The psychological covenant is not readily broken. It involves deeply felt commitments on the part of both the employee and organization. Furthermore, these commitments are made public and are usually enacted in some ceremonial form. Neither party can break a covenant, without the other party’s permission. Thus, men and women in a covenant-based organization must work through their problems, rather than simply giving up and parting company. Covenants are based on sacrifice (as in the Old Testament covenant made between Abraham and Jehovah). Both parties are willing to give up a part of their selves in order for the relationship to work. This flies directly in the face of individualistic concerns. It speaks to the need for collective responsibility (the more feminine way of knowing) and partnership (the more feminine way of organizing) and to a relative de-emphasis on individual rights (the more masculine way of knowing) and dominance (the more masculine way of organizing).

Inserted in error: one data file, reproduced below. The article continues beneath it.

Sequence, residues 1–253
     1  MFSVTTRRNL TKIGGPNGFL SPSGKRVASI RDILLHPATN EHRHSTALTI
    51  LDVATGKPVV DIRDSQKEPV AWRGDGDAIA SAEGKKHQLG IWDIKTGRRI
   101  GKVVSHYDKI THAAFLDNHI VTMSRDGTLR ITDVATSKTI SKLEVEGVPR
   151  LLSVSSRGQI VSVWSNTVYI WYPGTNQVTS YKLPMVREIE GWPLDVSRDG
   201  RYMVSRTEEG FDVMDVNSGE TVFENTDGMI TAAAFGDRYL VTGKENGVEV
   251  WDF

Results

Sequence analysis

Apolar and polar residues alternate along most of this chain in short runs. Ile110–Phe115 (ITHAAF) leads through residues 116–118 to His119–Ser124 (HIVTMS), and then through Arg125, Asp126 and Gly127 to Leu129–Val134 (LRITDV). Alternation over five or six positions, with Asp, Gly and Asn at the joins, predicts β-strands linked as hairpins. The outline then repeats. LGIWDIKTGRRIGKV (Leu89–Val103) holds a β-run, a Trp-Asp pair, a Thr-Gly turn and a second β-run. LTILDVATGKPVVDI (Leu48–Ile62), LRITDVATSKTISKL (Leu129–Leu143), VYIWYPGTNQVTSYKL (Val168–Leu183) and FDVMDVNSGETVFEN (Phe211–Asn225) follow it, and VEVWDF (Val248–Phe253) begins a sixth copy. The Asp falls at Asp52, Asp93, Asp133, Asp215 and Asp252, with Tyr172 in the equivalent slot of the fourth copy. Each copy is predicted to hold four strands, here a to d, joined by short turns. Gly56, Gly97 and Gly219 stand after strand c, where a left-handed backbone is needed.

As coaches, we are moving to a much more profound space when we begin to explore the psychological covenant with our clients. This is a life-long commitment – a deep yearning for purpose in life. Perhaps it should be called a spiritual covenant rather than a psychological covenant. Whether our client comes from a religious or more secular perspective, the kind of exploration we are doing with regard to covenant certainly moves both our client and ourselves into a spiritual realm. We need to be prepared for this passage if we wish to serve our clients as something more than economic man (or woman). When we ignore these deeper issues, our client might be spared some of the anguish – but might also be spared the profound insights that issue from an exploration of the psychological/spiritual covenant they have established (perhaps without much conscious awareness) with their organization.
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